Are hospitalizations with infection associated with dementia incidence?

A recent study published in JAMA Network Open suggests that hospitalized patients with infection are at higher risk of developing dementia.

Study: Incidence of Dementia Following Hospitalization With Infection Among Adults in the Atherosclerosis Risk in Communities (ARIC) Study Cohort. Image Credit: Gorodenkoff/Shutterstock
Study: Incidence of Dementia Following Hospitalization With Infection Among Adults in the Atherosclerosis Risk in Communities (ARIC) Study Cohort. Image Credit: Gorodenkoff/Shutterstock

Background

Dementia is a group of conditions related to impaired memory, thinking, and social abilities. According to recent estimates, about 50 million people are affected by dementia worldwide. The number of affected people has been predicted to be 152 million by 2050.

Alzheimer’s disease is the most common form of dementia. Studies involving Alzheimer’s disease patients have identified neuroinflammation as a potential causative factor for dementia. Hyperactivation of brain immune cells is responsible for neuroinflammation. Recent evidence suggests that systemic inflammation caused by peripheral infection might also be associated with neuroinflammation.

In the current study, scientists have evaluated whether hospitalization with infection increases the risk of incident dementia.

Study design

The current study data was obtained from a US-based study on atherosclerosis risk in communities over more than 32 years. The current study included a follow-up period of 2017 to 2019.

A total of 15,688 participants who did not have dementia at baseline were included in the analysis. Medical records of the participants were reviewed to identify hospitalization with infection.

Dementia cases occurring less than three years or more than 20 years after hospitalization with infection were excluded for the sensitive analysis to remove cases that might not be directly related to any infection events.

Important observations

During the follow-up period of 32 years, dementia was diagnosed in 19% of participants, giving rise to an incidence rate of 8.2 events per 1000 person-years. Older participants, female participants, members of the Black ethnic group, or APOE-ε4 (genetic risk factor for Alzheimer’s disease) carriers were found to be more susceptible to develop dementia.

Considering various vascular parameters at baseline, high blood pressure and previous incidence of stroke or transient ischemic attack were identified as risk factors for dementia.

About 38% of participants were identified to have a hospitalization with infection. The most common infections were respiratory tract (19%) and urinary tract (12%) infections.

Association between infection exposure and risk of dementia

The incidence rate of dementia among participants with infection exposure was estimated to be 23.6 events per 1000 person-years. In contrast, unexposed participants had a dementia rate of 5.7 events per 1000 person-years.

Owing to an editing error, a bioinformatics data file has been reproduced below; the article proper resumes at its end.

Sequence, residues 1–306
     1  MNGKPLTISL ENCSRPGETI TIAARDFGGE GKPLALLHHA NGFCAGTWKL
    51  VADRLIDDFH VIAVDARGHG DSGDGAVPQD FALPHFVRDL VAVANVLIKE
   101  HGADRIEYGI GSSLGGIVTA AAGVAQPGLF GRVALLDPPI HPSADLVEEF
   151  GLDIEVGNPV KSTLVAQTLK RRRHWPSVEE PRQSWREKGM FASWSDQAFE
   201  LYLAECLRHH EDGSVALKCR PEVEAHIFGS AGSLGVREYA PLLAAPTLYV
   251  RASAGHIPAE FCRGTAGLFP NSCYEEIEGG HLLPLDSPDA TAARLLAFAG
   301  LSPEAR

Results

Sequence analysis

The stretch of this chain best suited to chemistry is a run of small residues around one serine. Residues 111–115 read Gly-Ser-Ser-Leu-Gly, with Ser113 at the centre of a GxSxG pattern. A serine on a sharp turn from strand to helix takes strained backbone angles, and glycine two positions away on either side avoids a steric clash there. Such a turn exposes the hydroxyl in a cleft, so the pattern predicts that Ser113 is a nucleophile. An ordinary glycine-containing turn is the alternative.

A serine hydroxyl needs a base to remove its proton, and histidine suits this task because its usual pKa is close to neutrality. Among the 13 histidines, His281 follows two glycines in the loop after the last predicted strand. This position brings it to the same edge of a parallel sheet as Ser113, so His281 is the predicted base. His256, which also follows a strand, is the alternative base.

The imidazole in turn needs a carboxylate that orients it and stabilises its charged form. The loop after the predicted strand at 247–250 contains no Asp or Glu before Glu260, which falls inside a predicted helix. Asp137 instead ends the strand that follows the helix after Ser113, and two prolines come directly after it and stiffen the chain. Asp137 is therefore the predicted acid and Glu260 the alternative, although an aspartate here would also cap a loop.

Specifically, participants with hospitalization with infection had almost 2-fold higher risk of developing dementia. The sensitive analysis findings revealed that participants exposed to infection had almost 6-fold higher risk of incident dementia.

The comparison between the type of infection and risk of dementia revealed that participants with respiratory, urinary tract, skin, blood, circulatory or hospital-acquired infection had a higher risk of incident dementia.

Further statistical analysis identified blood and circulatory system, urinary tract, and hospital-acquired infections as the highest risk factors for incident dementia. The findings of subgroup analysis revealed a significant association between hospitalization with infection and the risk of dementia.

Furthermore, hospitalization with infection was found to associate with older age, current or former smoking, lower education, APOE-ε4 noncarrier status, and several vascular factors.

Study significance

This large-scale observational study suggests that individuals with any hospitalization with infection have approximately 70% higher risk of developing dementia. The risk is highest among individuals with blood and circulatory, urinary, or hospital-acquired infection.

Infections increase the risk of vascular and metabolic diseases, including coronary heart disease, heart failure, stroke, and diabetes. These diseases are known risk factors for dementia.

As mentioned by the scientists, further studies are required to establish the link between infection and dementia. Future studies should evaluate the impact of hospitalization without infection, frailty, or comorbidities on dementia risk. Moreover, the relationship between infections and known biomarkers of dementia should be investigated.

Journal reference:
Dr. Sanchari Sinha Dutta

Written by

Dr. Sanchari Sinha Dutta

Dr. Sanchari Sinha Dutta is a science communicator who believes in spreading the power of science in every corner of the world. She has a Bachelor of Science (B.Sc.) degree and a Master's of Science (M.Sc.) in biology and human physiology. Following her Master's degree, Sanchari went on to study a Ph.D. in human physiology. She has authored more than 10 original research articles, all of which have been published in world renowned international journals.

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